Participatory Spirituality for the 21st Century
We can use this thread for discussion of anything related to the upcoming conference. Alas I will not attend due to living far, far away and have other priorities for my limited finances. The abstracts and bios for presentations can be found at this link. Our forum host Balder (aka Bruce Alderman) will be presenting:
Sophia Speaks: An Integral Grammar of Philosophy
The four pronouns at the center of the Integral model have yielded impressive explanatory and integrative power. However, while they are useful for classifying disciplines according to their primary epistemological orientations, they are not sufficient to account for or disclose the ontological views which inform our perspectives. After situating Integral Theory in a longer lineage of “pronoun philosophies,” I introduce an expanded set of grammatical lenses to complement Integral’s four person-perspectives. These lenses, based on six common parts of speech, can serve both metaphysical and meta-metaphysical ends, helping to identify the ontological views that inform our person perspectives, and providing an integrative architecture for correlating and interfacing various metaphysical systems and integrative meta-theories.
Another one of interest to me is this one by Gary Hampson and Mark Edwards:
Awaken: An Analysis of the Transformative Lyrics and Music of the Progressive Rock Group, Yes (Re-regarding and regaining the flower and fruit of Yes as neo-baroque future dreamers creating the spiral aim)
This presentation offers a “fusion of insight” arising from the often-spiritual, often-densely “baroque” lyrics and music of the progressive rock group Yes. Various lenses are employed to help empower the hitherto neglected connections between this “wondrous” art form and integrative studies. These include the authors’ first-person perspectives regarding their experiences with Yes music. The analysis addresses various spiritual traditions, The Beloved, and Audrey Kitagawa, spiritual mentor of the (most-times) lead singer/lyricist, Jon Anderson. Themes include: ecstasy, empowerment, Enlightenment, the evolution of consciousness, injunctions, Love, the Moment, nonduality, Sun as archetype, and world challenges. “Songs cast a light on us” (Awaken, Yes).
I'm hoping for a better post-conference price...
Good news: Sophia Speaks won "Best Integral Theory" paper award tonight! Woot!
(A link to all the papers for the conference is here.)
The awards were announced right before Edgar Morin gave his keynote address. His accent was thick and it was hard to fully comprehend him, but I followed most of it and enjoyed it. Maybe I'll write more on it later, when I'm not so worn out. Driving home tonight, I thought about the standing ovation he received from the Integral audience at the end of his talk and it brought tears to my eyes. Much of what he said was familiar; what moved me, and I think the audience, was his passion when he spoke about standing up to corruption, injustice, and abuse. (This has been a common theme at the conference: protesting within the limits of the law isn't working. Something else is needed...)
Congratulations, and well deserved!
Congrats buddy. Well deserved indeed. Bring your new audience back 'home' to the forum!
And amen to standing up and fighting the good fight. It's about time the integral community get politically involved.
Also, since your paper is now available, please start a discussion thread on it and let's get busy?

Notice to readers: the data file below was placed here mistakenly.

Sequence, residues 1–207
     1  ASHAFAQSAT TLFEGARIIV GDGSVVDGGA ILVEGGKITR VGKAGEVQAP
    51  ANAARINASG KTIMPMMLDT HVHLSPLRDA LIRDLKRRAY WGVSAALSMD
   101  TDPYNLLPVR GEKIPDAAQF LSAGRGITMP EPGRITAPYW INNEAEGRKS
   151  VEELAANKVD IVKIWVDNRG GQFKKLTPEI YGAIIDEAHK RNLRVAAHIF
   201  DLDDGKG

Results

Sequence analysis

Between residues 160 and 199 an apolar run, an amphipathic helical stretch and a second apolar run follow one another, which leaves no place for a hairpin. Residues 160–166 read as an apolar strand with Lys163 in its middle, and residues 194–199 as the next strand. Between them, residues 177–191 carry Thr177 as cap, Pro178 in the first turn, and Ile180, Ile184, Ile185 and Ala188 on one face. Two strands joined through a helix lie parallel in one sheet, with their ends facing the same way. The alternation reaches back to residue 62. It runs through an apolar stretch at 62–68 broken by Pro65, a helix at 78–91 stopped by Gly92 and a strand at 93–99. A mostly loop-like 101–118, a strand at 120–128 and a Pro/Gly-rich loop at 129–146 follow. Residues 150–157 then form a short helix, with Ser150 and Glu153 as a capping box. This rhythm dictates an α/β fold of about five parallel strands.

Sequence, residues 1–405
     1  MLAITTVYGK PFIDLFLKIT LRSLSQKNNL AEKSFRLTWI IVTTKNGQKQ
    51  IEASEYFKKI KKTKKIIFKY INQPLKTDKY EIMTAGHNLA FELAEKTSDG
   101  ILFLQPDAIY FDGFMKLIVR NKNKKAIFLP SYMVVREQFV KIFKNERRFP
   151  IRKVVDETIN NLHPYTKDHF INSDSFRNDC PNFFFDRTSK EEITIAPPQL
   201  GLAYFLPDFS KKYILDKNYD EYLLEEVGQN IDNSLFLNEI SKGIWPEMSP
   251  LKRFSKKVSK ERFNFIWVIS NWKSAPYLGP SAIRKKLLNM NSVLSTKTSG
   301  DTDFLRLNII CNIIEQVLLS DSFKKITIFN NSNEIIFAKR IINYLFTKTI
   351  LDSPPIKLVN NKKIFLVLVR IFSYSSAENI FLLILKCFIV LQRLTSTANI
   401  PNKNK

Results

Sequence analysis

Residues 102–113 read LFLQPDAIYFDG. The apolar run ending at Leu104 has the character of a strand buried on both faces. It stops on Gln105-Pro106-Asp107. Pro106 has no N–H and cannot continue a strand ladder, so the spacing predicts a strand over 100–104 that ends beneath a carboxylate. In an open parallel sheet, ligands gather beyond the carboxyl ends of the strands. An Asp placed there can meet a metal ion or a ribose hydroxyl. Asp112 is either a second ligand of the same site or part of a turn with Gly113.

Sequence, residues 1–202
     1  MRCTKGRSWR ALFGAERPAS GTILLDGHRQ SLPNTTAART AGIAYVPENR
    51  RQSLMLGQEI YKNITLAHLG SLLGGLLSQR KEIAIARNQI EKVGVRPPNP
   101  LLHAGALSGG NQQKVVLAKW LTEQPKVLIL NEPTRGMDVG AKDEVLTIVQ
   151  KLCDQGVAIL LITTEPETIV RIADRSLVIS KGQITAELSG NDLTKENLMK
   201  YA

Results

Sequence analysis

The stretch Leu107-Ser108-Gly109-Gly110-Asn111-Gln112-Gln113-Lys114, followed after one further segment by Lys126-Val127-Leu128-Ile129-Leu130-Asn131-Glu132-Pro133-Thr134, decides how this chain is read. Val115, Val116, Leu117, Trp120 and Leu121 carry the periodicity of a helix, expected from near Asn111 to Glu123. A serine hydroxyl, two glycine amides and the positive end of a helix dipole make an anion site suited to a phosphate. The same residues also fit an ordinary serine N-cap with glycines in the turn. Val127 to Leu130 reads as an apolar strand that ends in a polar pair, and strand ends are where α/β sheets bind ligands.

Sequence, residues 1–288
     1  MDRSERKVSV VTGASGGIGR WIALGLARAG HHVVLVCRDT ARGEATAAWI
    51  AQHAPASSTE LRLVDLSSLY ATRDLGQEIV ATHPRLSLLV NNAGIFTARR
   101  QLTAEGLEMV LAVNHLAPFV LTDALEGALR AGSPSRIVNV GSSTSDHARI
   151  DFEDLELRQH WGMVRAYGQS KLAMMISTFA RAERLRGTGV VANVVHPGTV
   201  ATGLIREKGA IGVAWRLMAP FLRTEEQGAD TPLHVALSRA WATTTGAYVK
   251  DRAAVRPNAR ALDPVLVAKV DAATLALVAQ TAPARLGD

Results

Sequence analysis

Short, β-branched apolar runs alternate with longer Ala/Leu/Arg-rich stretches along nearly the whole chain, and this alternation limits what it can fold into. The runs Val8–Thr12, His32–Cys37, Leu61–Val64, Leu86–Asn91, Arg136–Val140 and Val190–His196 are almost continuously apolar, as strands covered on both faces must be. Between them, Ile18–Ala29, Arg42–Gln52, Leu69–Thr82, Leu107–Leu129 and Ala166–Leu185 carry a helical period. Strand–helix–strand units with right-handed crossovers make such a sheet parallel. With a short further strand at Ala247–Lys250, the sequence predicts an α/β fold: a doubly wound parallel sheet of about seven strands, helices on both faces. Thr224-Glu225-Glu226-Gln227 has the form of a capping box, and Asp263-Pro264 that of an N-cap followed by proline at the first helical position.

Thank you, Joe and Edward. And, yes, good idea; I'll start a thread once the conference ends, or maybe once I'm back from my UK trip next week and will have more time.
So reviews, thoughts, feelings from those who attended the conference?
I think it may take some time for me to digest the event and take a fuller view of it, but this was my initial comment on it (on FB):
I left this year's Integral Theory Conference feeling enlivened and inspired. It is a precious opportunity, indeed, to be able to spend "face-time" with so many brilliant, passionate people committed to inquiring deeply, learning ongoingly, thinking creatively, generatively linking the fractured and disambiguating the conflated or confused*, disturbing the status quo (where it is dysfunctional or oppressive), facing into the unknown, and having a positive, pro-social impact on a world in crisis. I'm not sure yet what will grow out of this event, but I feel some potent seeds have been sown.
Half of this impression comes from the conversations that happened between presentations and over meals, but there was a definite shift in "tone" (in my experience) in this year's conference compared to the previous event. There was a much stronger feeling of an emergent (or at least more prominently voiced) critical self-awareness of the Integral community in its relationship both to itself and to the larger world (other meta-theories, cultural and language groups, nations, political orientations, etc). "Integral political activism" was a strong theme -- and an open question -- in a number of the presentations and conversations I encountered throughout the weekend.
I missed Sean's keynote talk, unfortunately ("unfortunately" because I heard it was one of the best all weekend), but the keynotes by Bhaskar and Morin were both interesting -- if sometimes a little difficult to follow because of language issues. Bhaskar's talk was basically an intro to key CR concepts, which he offered as a gift to the Integral community; Morin's talk was mostly an overview of complexity principles, with an emphasis on their linkage to Integral theory and their importance for the multiple crises (ecological, social, economic, political) that we face today.